In Japan they have a practice of creating exquisite gilded sculptures of fish to put about the rooftops of important palaces and castles. The fish symbolize the buildings as being ‘under water’ in an allegorical sense, thus protecting them from the fires which would often destroy them. I always thought this was a beautiful and poetic cultural practice.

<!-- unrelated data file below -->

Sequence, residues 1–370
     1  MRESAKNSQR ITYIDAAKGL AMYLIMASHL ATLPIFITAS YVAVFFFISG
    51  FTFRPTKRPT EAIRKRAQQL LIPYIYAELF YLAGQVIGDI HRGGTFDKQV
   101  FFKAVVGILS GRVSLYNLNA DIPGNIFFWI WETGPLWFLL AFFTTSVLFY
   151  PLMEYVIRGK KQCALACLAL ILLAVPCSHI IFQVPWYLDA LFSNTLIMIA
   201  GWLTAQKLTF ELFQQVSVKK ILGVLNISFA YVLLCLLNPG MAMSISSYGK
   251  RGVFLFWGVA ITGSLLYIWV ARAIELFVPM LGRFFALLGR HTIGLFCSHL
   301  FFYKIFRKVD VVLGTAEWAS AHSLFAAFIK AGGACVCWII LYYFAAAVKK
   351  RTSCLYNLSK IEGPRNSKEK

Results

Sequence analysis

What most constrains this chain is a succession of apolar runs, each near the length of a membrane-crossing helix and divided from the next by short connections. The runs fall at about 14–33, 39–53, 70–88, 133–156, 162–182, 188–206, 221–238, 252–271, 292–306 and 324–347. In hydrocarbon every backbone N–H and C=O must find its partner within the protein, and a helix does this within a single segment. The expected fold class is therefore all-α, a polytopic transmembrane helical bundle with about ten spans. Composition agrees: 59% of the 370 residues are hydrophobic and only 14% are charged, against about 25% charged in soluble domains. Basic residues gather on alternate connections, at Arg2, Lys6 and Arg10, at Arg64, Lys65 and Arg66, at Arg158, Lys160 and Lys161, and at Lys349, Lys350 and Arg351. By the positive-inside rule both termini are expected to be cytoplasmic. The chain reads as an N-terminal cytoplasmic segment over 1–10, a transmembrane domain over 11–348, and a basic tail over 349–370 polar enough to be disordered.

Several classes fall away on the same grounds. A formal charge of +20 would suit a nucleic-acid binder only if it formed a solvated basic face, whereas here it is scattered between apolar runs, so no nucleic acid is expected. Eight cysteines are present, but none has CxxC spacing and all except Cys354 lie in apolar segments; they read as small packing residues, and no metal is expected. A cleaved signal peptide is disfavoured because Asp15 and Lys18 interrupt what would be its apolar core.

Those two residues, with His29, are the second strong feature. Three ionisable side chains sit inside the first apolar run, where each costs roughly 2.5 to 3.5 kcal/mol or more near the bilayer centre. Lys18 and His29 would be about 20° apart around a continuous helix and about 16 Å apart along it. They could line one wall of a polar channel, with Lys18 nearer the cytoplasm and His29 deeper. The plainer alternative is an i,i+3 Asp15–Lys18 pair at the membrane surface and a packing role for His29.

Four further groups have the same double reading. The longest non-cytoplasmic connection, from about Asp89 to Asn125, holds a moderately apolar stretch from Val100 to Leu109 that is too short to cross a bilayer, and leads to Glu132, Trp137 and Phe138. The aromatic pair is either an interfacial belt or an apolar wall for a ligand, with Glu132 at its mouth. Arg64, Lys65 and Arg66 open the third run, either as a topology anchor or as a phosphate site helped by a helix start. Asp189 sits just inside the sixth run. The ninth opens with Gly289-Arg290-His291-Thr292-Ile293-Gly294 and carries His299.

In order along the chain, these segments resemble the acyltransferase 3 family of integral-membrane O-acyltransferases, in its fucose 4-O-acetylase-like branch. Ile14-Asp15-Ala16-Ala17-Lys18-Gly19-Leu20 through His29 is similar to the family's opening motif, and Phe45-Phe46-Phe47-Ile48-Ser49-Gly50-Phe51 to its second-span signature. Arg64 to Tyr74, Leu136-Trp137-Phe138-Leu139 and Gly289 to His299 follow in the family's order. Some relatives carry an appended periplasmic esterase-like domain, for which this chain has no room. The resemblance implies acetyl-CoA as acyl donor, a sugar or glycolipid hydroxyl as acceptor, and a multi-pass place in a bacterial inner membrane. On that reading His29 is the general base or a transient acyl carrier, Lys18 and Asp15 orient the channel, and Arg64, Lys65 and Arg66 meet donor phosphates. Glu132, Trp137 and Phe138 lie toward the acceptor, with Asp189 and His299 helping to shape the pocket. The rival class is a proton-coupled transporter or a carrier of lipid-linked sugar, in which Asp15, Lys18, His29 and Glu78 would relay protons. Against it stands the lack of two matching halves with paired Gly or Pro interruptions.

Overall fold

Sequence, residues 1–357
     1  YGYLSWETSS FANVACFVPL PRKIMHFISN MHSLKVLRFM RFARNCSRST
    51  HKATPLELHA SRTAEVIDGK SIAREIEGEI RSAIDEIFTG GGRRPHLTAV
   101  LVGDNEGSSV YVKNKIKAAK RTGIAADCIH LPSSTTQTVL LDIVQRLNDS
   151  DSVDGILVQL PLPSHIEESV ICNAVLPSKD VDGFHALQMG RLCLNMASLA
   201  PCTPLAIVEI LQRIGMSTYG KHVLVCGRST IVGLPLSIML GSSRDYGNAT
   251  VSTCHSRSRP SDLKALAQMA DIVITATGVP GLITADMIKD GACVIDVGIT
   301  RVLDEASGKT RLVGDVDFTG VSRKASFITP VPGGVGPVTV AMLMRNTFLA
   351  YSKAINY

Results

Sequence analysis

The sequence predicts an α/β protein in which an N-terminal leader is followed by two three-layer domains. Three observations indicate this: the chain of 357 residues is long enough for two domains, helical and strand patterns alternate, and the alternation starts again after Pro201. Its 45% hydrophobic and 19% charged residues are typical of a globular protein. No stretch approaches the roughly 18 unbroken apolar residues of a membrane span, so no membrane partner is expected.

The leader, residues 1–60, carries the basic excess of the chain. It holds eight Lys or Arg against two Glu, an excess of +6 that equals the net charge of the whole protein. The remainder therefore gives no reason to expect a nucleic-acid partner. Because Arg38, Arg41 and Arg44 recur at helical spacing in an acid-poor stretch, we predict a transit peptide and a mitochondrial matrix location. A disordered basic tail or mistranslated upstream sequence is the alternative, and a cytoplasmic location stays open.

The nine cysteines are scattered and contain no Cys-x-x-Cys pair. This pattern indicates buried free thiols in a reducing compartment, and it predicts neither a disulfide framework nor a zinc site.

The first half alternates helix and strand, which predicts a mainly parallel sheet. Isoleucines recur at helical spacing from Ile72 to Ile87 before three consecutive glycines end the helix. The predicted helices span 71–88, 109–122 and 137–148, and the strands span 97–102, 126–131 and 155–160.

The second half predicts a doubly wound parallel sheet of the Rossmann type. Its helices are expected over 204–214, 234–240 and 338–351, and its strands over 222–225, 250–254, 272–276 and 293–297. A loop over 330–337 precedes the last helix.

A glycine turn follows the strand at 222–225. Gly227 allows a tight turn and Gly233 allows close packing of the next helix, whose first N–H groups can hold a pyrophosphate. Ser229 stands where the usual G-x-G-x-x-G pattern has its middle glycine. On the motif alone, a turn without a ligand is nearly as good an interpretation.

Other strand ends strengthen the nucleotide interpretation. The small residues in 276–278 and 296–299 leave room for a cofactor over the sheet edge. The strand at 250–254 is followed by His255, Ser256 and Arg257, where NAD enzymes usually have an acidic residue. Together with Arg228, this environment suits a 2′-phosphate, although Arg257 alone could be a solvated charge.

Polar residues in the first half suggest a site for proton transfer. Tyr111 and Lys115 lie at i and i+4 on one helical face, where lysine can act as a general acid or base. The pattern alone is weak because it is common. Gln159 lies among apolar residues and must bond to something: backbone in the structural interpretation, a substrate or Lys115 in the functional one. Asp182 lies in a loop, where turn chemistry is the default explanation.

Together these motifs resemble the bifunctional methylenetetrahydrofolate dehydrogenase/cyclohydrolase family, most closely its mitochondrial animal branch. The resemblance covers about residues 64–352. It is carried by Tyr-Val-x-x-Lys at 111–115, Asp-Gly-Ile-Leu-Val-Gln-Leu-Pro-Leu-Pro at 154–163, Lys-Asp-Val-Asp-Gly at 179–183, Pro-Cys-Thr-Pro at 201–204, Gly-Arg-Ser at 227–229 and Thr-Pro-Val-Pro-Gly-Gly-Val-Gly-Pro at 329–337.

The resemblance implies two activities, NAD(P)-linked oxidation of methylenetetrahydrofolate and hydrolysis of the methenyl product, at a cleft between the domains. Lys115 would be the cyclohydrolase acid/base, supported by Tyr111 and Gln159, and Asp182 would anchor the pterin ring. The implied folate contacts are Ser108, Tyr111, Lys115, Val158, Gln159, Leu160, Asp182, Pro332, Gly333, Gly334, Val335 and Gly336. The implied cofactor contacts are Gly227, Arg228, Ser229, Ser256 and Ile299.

Walking through Changgyeong Palace with Suhee recently, I noticed an absence of these details from the Korean palaces, so I naturally asked her if Korea didn’t use the same kind of symbolism as Japan. She shrugs, looking confused and tells me…
“In Korea, we just put big buckets of water outside.”
[edit 1/30/15: Sangjin notes that the buckets, called ‘Deu-moo,’ have their own lore and symbolism behind them. You can read more below in the comments section.]